The one case that prevented a clean sweep this week as LaRue v. DeWolff, Boberg & Associates, where the Court ruled that employees can sue employers under the Employee Retirement Income Security Act for mismanaging their 401(k) retirement plans.

The pro-business tilt was one of the expected signatures of the Roberts court, despite angry claims by Roberts supporters that no one could predict his vote patterns. For a prior column, click here and here
For a copy of the opinion, click here

7 thoughts on “Open for Business: Roberts Court Delivers Another Victory for Business in a Major Torts Ruling”

  1. You should be my speechwriter, Patty C! Often I am intoxicated with my own prose and it tends to fly off into rodomontade and rank fustian!

    I thought the Augean Stable cite very apt, myself! I read Bulfinch and other such, when I was a kid and love to throw out classical references. I refuse to allow the virtues of a quasi-Victorian education lapse even in this age of Segway scooters and dual-core microprocessors!

  2. I do love your Aegean Stable reference although I might have tweaked it just a smidge.

  3. I actually used the “Low Tar Goes to the High Court” thread to alert the community to the new ruling. A bit of a stretch I admit…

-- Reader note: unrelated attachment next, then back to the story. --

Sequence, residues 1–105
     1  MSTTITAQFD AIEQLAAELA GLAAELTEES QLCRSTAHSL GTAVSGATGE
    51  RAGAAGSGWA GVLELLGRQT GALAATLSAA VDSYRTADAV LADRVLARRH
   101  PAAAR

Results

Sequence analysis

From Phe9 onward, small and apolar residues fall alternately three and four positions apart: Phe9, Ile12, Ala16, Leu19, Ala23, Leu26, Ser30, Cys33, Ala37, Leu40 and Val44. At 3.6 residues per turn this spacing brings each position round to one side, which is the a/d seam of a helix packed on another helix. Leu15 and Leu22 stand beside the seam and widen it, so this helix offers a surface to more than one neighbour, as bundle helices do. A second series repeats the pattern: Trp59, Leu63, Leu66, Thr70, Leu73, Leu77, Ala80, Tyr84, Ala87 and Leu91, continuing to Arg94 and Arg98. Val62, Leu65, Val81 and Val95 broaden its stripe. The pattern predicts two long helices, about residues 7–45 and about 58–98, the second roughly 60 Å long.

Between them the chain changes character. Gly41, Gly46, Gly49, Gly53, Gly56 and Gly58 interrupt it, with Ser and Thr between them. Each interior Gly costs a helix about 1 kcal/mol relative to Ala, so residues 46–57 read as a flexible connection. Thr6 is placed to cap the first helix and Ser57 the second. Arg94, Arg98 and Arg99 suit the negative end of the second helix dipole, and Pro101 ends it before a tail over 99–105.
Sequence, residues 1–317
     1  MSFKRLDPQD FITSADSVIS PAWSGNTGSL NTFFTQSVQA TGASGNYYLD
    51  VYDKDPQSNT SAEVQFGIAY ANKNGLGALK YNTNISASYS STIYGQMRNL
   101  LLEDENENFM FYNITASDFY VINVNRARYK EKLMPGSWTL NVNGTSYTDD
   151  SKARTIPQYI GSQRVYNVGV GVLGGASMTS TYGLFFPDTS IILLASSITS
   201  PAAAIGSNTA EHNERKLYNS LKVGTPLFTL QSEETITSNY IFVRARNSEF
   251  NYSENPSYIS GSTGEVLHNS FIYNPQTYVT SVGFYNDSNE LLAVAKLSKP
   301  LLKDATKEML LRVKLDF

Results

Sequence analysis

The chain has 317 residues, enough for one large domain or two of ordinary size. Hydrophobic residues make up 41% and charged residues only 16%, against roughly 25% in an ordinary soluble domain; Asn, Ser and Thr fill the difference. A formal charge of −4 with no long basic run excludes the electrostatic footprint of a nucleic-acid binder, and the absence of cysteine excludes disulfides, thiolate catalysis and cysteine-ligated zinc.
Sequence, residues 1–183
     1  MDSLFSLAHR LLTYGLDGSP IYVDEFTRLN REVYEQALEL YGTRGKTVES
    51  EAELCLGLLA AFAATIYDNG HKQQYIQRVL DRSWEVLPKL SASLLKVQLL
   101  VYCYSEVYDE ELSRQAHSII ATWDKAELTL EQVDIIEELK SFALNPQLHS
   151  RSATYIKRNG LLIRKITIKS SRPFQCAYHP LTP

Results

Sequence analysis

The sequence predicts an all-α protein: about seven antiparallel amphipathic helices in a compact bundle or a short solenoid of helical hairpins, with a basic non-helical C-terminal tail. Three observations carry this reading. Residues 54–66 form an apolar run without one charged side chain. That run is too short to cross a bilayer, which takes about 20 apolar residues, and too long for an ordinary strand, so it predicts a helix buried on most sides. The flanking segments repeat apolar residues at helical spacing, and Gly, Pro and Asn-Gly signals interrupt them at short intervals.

I had forgotten about the other thread!!

  4. Oh, I should mention that in the sea of under-regulation, the Bush Administration does admittedly have one agency that is zealously pursuing its mandate with gusto and indeed avidity.

    The Office of Labor Management Standards.

    Headed by the illustrious Don Todd, the agency racked up an amazing set of convictions for industry malfeasance.

    The industry? Organized labor.

    A bio of Don Todd, says it all:

    I recall Secretary Chao recently bragging about her OLMS conviction rates and being applauded for a job well done.

    The pleased audience? CPAC.

    The Augean Stables have nothing on this Administration.

  5. I posted yesterday on this ruling in another thread, but it bears repeating that were the system not rigged, I think I might agree with the majority in Riegel v. Medtronic. Federal pre-emption of state tort law is not necessarily a bad thing, IF THE SYSTEM IS NOT RIGGED.

    However, during the Bush Administration, the system is very much biased and the regulatory agencies have all been in default of their responsibilities. FDA PMA decisions in this era are highly suspect, but how, if you are a sitting Justice, do you take that into account in deciding a broad principle? You can’t say that the current PMA in question was suspect for partisan reasons. So you sign on hoping that someday the FDA will be returned to its proper role and function (and funding).

    In the current era, were the regulatory agencies acting as judges in courts of law, their manifold conflicts of interest would force them to recuse themselves in almost every case brought before them. But the Justices on the high court have to act as if the agencies were not corrupted and not totally in thrall to the very sectors that they are supposed to regulate.

    Plus, as Professor Turley points out, the current Court is highly solicitous of business interests and also antagonistic toward what it considers the undue expansion of standing for tort granted by the post-war Courts. Their instincts are to trim and trim and trim and I see no end to it for quite a while.

Comments are closed.